Label volunteer, Bola Johnson, discusses why TikTok commenters have such an issue with ‘white men with podcasts’.

Commenters on TikTok have turned to the platform to voice their disapproval of “white men with podcasts”. Evidencing, and attacking, some male led podcasts who garner their views and listens by frequently commenting on the lives of women. Personally, I think the attack of these podcasts is utterly legitimate.

The specific “white men with podcasts” in question are the “alpha male” ,white men, who produce podcasts who have aroused indignation on social media; these self-described “woke police” are intent on destroying everything for other (inoffensive) white men with podcasts. They typically use their podcasts to dehumanise women and promote toxic masculinity, pushing men to use aggressiveness to achieve social dominance, based on now-debunked theories about wolfpack hierarchies. Themes that recur frequently include pursuing women forcefully against their will, treating relationships like commercial transactions, and valuing women depending on how appealing they are physically — only to abandon them when they age or acquire weight.

It truly saddens me how many other guys also believe this and would concur with certain alpha-male podcasters who attempt to hold women to an unreachable standard of beauty, such as the notion that “the more a woman becomes pregnant, the more her worth diminishes.”

Women today have greater freedom; the ability to vote, the ability to pursue a profession to support themselves, frequently having the choice to get married or have children. Basically, I’d like to think that women are now in charge of their own lives, hence it honestly baffles me why these podcasters feel their opinions have any significance with regard to how the other gender should lead theirs.

The very fact that this subject is being discussed during international women’s month is rather ironic.

These podcasters fail to acknowledge their privileges and ignorance, especially given that they are already statistically more likely than women in their position to have leadership roles, are less likely to experience sexual assault, and are likely to make more money than their female counterpart. Yet they’re also statistically better off than other ethnic minorities as a white male in any country with a majority-white population in terms of life expectancy, educational attainment, and health outcomes.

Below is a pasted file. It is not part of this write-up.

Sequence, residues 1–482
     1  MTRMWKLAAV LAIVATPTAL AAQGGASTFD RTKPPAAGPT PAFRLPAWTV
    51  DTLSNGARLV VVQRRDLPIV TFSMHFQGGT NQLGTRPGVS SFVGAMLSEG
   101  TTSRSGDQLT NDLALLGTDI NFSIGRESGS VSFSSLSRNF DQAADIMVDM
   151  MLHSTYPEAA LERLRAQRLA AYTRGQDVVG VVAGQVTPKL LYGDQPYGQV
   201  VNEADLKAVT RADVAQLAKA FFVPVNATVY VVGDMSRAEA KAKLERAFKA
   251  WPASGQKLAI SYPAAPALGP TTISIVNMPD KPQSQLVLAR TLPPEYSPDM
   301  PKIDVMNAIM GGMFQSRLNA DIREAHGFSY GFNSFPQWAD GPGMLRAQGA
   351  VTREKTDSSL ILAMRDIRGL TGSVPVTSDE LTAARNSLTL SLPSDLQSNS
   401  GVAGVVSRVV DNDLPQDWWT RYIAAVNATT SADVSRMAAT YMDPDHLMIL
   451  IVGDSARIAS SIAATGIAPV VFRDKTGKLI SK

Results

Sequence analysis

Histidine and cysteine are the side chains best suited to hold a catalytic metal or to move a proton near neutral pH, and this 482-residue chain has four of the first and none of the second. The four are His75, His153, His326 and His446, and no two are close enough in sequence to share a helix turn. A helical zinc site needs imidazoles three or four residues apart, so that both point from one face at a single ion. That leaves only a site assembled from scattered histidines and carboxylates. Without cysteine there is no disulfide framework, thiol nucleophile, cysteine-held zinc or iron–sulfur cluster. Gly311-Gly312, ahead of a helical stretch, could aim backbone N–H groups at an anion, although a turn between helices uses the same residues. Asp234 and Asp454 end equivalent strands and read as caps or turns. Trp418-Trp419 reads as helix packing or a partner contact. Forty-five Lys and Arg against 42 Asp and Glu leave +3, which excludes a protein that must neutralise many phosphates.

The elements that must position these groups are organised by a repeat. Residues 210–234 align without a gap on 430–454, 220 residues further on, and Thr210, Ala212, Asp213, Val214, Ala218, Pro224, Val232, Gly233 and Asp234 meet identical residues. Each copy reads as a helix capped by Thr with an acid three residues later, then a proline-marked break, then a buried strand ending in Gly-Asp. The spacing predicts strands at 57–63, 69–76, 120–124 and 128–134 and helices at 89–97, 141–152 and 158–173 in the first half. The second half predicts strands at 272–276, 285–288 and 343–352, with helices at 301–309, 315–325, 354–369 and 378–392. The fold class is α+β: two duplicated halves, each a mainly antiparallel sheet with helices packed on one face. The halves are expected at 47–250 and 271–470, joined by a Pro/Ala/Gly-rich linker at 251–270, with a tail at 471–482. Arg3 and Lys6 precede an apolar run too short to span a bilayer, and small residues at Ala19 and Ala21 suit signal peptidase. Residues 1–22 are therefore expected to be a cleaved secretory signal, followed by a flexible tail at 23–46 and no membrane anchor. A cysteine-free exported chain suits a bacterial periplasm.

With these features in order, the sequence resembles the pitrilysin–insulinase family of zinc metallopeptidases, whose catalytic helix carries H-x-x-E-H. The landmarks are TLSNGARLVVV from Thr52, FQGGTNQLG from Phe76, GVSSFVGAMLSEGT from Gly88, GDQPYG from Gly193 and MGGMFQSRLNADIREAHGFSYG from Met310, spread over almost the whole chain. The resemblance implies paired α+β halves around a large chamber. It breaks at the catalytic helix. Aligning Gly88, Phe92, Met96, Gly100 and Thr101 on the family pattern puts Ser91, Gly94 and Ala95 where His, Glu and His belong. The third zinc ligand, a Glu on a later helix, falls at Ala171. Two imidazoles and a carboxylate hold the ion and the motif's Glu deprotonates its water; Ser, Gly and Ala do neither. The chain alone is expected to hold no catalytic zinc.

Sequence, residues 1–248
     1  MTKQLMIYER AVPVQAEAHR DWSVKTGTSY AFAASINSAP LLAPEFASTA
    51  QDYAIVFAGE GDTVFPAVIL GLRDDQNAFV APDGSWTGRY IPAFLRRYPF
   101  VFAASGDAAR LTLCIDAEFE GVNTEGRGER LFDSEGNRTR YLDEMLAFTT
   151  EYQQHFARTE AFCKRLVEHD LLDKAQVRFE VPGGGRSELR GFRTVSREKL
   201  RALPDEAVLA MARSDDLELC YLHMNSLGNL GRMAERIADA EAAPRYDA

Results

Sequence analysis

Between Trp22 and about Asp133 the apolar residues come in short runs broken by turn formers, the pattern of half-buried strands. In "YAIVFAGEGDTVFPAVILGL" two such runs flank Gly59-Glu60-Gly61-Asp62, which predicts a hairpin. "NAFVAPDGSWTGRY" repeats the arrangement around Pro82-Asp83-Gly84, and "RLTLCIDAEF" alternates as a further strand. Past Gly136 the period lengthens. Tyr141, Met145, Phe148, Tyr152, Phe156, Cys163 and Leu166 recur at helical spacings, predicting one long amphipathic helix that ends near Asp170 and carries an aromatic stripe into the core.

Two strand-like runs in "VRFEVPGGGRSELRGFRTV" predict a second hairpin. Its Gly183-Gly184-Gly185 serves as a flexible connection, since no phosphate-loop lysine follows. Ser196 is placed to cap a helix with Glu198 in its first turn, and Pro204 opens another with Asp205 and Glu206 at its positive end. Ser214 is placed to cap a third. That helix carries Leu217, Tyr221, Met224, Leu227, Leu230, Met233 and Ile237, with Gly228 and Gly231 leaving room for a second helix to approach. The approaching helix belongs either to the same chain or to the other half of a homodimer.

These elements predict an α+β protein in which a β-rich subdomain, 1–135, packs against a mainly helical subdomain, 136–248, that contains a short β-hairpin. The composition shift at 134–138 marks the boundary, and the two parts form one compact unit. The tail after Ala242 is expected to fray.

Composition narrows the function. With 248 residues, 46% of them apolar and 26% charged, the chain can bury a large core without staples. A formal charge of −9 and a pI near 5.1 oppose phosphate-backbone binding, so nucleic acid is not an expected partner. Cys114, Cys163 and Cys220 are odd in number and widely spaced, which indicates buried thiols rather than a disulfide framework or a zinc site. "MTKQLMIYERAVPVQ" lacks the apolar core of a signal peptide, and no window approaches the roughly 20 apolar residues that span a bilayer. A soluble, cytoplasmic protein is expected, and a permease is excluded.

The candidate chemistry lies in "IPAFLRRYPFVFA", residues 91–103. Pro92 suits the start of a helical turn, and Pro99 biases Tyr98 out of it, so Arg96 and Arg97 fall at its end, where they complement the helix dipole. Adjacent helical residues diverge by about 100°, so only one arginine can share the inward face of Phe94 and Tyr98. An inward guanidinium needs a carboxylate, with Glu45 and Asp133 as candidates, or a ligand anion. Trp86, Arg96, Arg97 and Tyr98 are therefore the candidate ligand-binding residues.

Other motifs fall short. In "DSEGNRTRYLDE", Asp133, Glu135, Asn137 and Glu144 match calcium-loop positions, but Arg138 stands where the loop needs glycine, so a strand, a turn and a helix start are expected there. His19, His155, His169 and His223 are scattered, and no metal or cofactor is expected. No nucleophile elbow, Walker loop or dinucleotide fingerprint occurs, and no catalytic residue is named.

With the exposure they have received, one would expect that they would consider their message more carefully when addressing their audiences, particularly the younger ones.

Internet influencers who make a livelihood off the aimless wrath of young guys, such as Andrew Tate or The No Filter podcasters, are a great example of the kind of white men with podcasts who I believe shouldn’t have the platforms they do.

I recall reading an article one day while scrolling through the news about how a teacher in an American middle school had noticed how the male students in her class’s behaviours had changed—and not for the better. She stated this was since Andrew Tate had become more well-known on social media. She had noticed their level of respect for women and their female peers had decreased, to the point where she was becoming increasingly concerned as they began to belittle female classmates.

In addition to being viewed as harmful and dangerous for women in society, these podcasters also influence other males who listen to them. For example, these podcasts are terrible for women because they encourage patriarchal and sexist behaviours, such as the abuse or violence of women. Over time, adding to gender inequality, which deprives women of their rights. The restrictive, stereotypical standards that result from the promotion of such toxic masculinity are detrimental to men’s physical and emotional well-being as well as their relationships with women, other men, and children. In addition, it is also detrimental to men and boys themselves.

Many of these podcasters may claim to be making jokes, but their listeners may be taking everything they say very seriously. Because of this, it’s crucial to be careful about the message you spread on social media.

Much of this is a result of toxic masculinity as well as the typical outmoded patriarchal viewpoints. The wording of the term itself emphasises the worst traits associated with stereotypically male traits, which include antagonism towards women, aggression, domination, emotional incompetence, and sexual entitlement.

Youtuber, Chad Chad has a video up discussing the toxic nature of these white ‘alpha’ men with podcast, and I think it is worth watching.

Edited By: Rachel Cannings (Head of Culture and Entertainment)

Design By: Sarim Mangi (Head of Design)


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